Short-acting psychedelics company Small Pharma Inc. DMTTF has received the approval from the U.K. Medicines and Healthcare products Regulatory Authority (MHRA) and the Regional Ethics Committee for a drug interaction clinical trial to take place on national grounds.
The novel study will assess the interaction between Serotonin Reuptake Inhibitors (SSRIs) and SPL026, Small Pharma’s proprietary DMT lead candidate, for patients with Major Depressive Disorder (MDD). It is set to begin in the third quarter of 2022, and dosing completion is anticipated for the first half of 2023.
The trial holds a particular importance, as positive results could broaden patient reach to those who are currently taking SSRI. Precisely, it aims at understanding the impact of SSRIs on the safety, tolerability, PK and PD of SPL026 together with psychotherapy, in up to 24 patients.
These endpoints will then be assessed in patients suffering from MDD, who are currently getting SSRI treatment that proves ineffective in fully relieving their depression, compared with patients not taking SSRIs.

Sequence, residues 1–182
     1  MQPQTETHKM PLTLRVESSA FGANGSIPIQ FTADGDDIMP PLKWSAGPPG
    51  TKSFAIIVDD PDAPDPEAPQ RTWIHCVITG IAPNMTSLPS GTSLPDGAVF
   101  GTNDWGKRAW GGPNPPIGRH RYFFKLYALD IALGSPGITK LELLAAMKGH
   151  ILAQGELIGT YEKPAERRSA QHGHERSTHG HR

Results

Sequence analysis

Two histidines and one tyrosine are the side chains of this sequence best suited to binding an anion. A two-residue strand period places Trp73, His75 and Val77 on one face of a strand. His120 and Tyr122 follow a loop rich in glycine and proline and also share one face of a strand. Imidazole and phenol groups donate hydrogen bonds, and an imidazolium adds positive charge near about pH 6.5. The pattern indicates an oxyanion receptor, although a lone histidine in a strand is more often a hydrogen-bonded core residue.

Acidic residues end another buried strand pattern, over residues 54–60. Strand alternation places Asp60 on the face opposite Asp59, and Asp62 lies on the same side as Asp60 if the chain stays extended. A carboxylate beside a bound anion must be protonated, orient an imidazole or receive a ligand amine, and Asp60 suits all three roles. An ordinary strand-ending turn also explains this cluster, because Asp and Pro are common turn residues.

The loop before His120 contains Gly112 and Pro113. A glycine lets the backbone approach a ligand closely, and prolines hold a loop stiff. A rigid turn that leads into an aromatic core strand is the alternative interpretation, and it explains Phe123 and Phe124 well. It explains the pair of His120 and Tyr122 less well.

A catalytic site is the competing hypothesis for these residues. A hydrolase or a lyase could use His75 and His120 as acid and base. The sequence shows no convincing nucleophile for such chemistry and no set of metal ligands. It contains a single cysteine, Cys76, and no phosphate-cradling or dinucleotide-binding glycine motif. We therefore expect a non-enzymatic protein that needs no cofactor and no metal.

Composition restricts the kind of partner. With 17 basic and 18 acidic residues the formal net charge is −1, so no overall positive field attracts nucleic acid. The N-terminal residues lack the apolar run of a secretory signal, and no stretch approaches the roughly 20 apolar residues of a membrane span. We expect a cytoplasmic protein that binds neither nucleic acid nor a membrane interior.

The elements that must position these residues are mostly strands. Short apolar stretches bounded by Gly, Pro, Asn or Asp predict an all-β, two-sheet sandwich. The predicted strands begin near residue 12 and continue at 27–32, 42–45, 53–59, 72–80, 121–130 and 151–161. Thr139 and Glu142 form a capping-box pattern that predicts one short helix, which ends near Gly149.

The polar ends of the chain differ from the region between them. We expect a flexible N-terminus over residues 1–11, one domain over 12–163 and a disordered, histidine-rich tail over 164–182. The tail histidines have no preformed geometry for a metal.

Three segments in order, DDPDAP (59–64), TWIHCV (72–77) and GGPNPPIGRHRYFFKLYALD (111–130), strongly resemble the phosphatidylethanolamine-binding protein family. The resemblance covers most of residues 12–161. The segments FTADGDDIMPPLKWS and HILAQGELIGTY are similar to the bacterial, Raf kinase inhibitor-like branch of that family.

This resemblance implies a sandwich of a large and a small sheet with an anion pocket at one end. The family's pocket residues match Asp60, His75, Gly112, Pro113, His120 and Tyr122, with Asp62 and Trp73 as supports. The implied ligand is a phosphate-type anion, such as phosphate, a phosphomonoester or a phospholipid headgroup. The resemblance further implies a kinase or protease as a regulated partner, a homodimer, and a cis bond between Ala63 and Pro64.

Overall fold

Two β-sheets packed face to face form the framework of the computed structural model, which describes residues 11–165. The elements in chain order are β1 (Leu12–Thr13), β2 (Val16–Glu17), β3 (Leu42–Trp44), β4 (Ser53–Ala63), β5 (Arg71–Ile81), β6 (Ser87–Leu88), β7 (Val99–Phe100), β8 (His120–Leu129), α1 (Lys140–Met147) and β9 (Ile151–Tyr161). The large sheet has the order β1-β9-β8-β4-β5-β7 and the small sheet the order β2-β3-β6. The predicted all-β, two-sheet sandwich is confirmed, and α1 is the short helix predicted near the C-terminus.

Small Pharma’s chief medical and scientific officer Dr. Carol Routledge further explained: “In the Phase I/IIa SPL026 clinical trial currently underway, patients must be withdrawn from existing antidepressant medication, which can be disruptive and unsettling for some. This may not always be in the best interest of patients, even if the medication is ineffective.”
That’s where the new trial comes in, as encouraging results from the present study “could facilitate patient recruitment in future clinical trials as patients may no longer be required to discontinue their SSRI medication,” and most importantly, in the long run, “successful results could open up the potential to broaden patient accessibility to DMT-assisted psychotherapy.”
CEO George Tziras reaffirmed the company’s priorities and decisions: “Patient access is a core element of Small Pharma’s values and strategy, which is reflected in our approach to research and development. As we progress through our clinical programs, it’s key that we are agile and most importantly patient-led.”
Image and article originally from www.benzinga.com. Read the original article here.